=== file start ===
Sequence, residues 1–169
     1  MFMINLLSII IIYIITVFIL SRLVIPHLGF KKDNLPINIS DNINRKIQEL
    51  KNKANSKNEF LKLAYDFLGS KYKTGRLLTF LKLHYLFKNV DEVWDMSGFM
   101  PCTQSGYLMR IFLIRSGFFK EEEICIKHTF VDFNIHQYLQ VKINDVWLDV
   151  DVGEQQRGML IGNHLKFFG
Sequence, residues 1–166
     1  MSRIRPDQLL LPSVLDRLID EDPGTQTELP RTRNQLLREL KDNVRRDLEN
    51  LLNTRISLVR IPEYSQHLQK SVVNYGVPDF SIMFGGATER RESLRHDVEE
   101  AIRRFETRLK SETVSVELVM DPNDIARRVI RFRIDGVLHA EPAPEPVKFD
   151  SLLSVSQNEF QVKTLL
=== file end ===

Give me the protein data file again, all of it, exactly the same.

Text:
Sequence, residues 1–169
     1  MFMINLLSII IIYIITVFIL SRLVIPHLGF KKDNLPINIS DNINRKIQEL
    51  KNKANSKNEF LKLAYDFLGS KYKTGRLLTF LKLHYLFKNV DEVWDMSGFM
   101  PCTQSGYLMR IFLIRSGFFK EEEICIKHTF VDFNIHQYLQ VKINDVWLDV
   151  DVGEQQRGML IGNHLKFFG
Sequence, residues 1–166
     1  MSRIRPDQLL LPSVLDRLID EDPGTQTELP RTRNQLLREL KDNVRRDLEN
    51  LLNTRISLVR IPEYSQHLQK SVVNYGVPDF SIMFGGATER RESLRHDVEE
   101  AIRRFETRLK SETVSVELVM DPNDIARRVI RFRIDGVLHA EPAPEPVKFD
   151  SLLSVSQNEF QVKTLL